COPD and Exercise

COPD and Exercise

 

COPD is a progressive lung disease that causes persistent airway obstruction. This can happen because of emphysema, or chronic bronchitis. A COPD sufferer will have a lot of difficulty in breathing and may have a chronic cough or wheezing. Other signs and symptoms include reduced lung elastic recoil and limitation in air flow; breathing will become much harder to do; the breathing muscles will become weak because of hyperinflation, which overly stresses these muscles; and other ventilation-related signs. People with COPD will have difficulty in emptying their lungs and impaired gas exchange in emphysema because of destruction of the alveolar-capillary membrane.

However, exercise can improve the use of oxygen, exercise (work) capacity, and can lower the anxiety level of COPD patients. Some of the direct benefits of exercise in this case include:

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The Role of Aerobic Exercise in the Management of Obstructive Sleep Apnea

 


Obstructive Sleep Apnea (OSA) is a common condition involving an obstructed airway and impaired breathing. Frequent side effects include snoring, pauses in breathing during the night, and sleepiness during the day. There is also a significant increase in hypertension, atrial fibrillation, stroke, and coronary artery disease. The consequences can be huge, and life-threatening.

Many patients with OSA are treated with a Continuous Positive Airway Pressure machine (CPAP), with good results. But exercise has an important role to play in the management of this condition.

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Lower Back Pain

 Lower Back Pain

 

Lower back pain, or LBP, is an extremely common problem. It has a  wide variety of causes, and may come on suddenly, or gradually. The pain can stem from muscles, joints, or discs. It may be as a result of sudden trauma, or be a repetitive motion injury.

 It may seem trivial to say that someone has LBP, but this common complaint can cause loss of work, a spike in use of health care services, depression, family strain, and lack of self-esteem. Imagine being in pain all the time - it's very draining.

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Diabetes and Exercise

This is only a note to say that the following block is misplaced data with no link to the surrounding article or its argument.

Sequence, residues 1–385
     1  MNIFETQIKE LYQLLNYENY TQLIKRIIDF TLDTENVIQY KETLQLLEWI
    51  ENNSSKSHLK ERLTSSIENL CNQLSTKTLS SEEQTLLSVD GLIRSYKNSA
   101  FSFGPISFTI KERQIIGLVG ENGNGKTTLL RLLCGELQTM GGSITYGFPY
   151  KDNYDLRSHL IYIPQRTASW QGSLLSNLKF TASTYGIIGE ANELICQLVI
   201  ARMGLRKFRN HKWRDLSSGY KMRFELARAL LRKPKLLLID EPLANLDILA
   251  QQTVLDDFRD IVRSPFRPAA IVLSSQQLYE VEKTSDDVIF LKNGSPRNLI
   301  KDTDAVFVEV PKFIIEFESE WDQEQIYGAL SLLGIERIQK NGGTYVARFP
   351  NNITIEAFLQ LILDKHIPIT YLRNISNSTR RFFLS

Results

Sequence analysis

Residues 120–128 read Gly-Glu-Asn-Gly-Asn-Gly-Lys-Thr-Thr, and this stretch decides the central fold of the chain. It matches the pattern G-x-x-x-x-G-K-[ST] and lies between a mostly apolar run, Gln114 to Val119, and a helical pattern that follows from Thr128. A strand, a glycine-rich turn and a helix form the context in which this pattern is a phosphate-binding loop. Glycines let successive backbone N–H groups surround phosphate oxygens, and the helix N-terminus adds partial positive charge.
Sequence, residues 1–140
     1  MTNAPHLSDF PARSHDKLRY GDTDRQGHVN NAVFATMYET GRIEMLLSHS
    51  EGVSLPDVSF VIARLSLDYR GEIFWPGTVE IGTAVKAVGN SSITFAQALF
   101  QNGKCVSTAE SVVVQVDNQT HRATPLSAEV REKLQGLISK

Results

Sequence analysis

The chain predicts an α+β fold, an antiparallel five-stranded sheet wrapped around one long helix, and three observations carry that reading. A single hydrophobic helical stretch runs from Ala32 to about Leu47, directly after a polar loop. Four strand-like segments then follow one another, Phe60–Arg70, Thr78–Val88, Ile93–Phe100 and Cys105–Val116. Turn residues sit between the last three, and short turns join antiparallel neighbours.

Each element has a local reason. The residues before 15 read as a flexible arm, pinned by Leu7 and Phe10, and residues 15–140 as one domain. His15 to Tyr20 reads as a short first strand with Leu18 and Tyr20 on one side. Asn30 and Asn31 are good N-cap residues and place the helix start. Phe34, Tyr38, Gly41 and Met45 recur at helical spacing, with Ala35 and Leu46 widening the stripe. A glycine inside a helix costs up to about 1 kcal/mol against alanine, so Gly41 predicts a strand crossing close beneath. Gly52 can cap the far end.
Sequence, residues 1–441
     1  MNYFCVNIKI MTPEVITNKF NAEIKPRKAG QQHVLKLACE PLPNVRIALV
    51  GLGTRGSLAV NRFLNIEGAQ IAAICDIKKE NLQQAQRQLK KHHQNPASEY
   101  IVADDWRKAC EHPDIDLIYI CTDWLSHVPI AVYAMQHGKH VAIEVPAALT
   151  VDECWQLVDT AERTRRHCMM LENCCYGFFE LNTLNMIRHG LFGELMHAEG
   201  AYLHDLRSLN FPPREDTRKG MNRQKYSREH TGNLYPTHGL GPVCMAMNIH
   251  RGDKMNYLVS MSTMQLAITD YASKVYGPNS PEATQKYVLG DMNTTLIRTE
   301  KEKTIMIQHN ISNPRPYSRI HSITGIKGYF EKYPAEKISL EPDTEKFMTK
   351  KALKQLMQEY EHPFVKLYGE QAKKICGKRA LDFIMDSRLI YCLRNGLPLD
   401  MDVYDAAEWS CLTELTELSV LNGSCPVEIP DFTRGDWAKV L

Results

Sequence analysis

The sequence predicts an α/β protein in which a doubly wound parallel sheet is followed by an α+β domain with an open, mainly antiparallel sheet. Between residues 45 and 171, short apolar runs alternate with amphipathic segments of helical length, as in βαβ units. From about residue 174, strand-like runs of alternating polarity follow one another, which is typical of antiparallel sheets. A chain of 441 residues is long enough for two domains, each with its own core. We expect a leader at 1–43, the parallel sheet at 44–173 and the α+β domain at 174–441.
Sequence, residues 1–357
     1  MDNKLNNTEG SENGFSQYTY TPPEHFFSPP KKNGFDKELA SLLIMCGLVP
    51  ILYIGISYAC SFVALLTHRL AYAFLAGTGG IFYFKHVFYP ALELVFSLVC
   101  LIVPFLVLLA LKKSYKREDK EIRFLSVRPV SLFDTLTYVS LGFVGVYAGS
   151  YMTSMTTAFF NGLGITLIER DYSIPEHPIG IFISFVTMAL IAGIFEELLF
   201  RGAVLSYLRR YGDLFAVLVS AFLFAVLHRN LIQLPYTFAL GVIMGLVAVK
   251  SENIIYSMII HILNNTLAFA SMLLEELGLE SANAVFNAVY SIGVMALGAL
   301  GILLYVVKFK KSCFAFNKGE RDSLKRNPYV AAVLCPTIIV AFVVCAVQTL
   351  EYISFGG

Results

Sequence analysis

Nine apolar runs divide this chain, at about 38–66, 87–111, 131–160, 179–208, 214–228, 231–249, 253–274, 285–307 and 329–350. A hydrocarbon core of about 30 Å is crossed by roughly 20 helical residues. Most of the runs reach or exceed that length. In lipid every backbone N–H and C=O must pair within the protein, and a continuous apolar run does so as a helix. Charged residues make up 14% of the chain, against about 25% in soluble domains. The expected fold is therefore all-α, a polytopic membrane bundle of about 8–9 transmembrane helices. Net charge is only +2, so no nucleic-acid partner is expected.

Health Canada reports that approximately 6.6% of Canada’s population, age 20 and older, have been diagnosed with diabetes, and researchers expect an increase to 2.4 million Canadian diabetics by 2016. Also, 6% of Canadian women 46-64 years old, have this disease, and that increases to 10% in the 65 and older group. A woman with type 2 diabetes has an 8 times greater chances of developing heart disease than a women without diabetes. These are sobering numbers, especially in view of the fact that much of that is preventable by making some lifestyle changes.

Some of the changes that will lower your risk of diabetes include: 

 

 1. stop smoking

 2. limit use of alcohol

 3. monitor blood pressure and cholesterol levels

 4. lose weight through a healthy diet – check out Health Canada for tips on healthy eating

 5. get active – physical activity plays a strong role in preventing type 2 diabetes.

Training with Diabetes

Exercise is a very important tool in diabetic care.

The benefits of a diabetic person adding exercise to medical treatment include:

1. possible improvement in the blood glucose levels of type 2 diabetics

2. exercise can create an improved insulin sensitivity, which means that the type 2 diabetic might be able to reduce the amount of medications taken (always under advice of your doctor).

3. cardiovascular health improves, reducing the risk of cardiovascular diseases, not just for diabetics, but for everyone. About 80% of diabetics will die of heart disease or stroke.

People living with diabetes may be taking insulin or oral hypoglycaemic medications. Exercise often increases the absorption of injected insulin and so it’s very important to monitor blood glucose levels before, during, and after an exercise session. The most significant effect of both these kinds of medications is that they may cause hypoglycaemia during exercise testing and exercise training. So it is vital to keep a close eye on the timing of medication, food intake, and blood glucose levels.

Physical activity for diabetics without significant complications should include suitable endurance and resistance work. This can increase cardiovascular conditioning, muscle strength and endurance, and improve body composition, i.e., decreasing stored body fat and increasing lean muscle mass. Physical activity should include large muscle activities, such as walking, swimming and cycling. Strength training could include free weights, machines, or tubing. Consult Deb for programming specific to your individual needs.

 

A diabetic should not exercise if:

 

1. s/he has any active retinal haemorrhage, or has recently had treatment for retinopathy, such as laser treatment

2. is sick, or is suffering with an infection

3. blood glucose is above 14 mmol/L (250 mg/dl) and ketones are detected (blood glucose must be reduced before you engage in exercise)

4. blood glucose is lower than 4 mmol/L (70 ml/dl), because of the increased risk of hypoglycaemia. You may be able to eat some carbs to increase the blood glucose levels before exercise

A diabetic should also make sure that there are some carbs on hand during exercise. Drinking enough fluids before, during and post-exercise is important. Diabetics also need to exercise good foot care, checking the feet carefully after exercise, especially if there is damage to the nerves in the feet, or peripheral neuropathy.

 

Deb Bailey Personal Trainer - in Home (Now On-line!)
Phone: 519-572-0986
debbailey@rogers.com
Kitchener, Ontario


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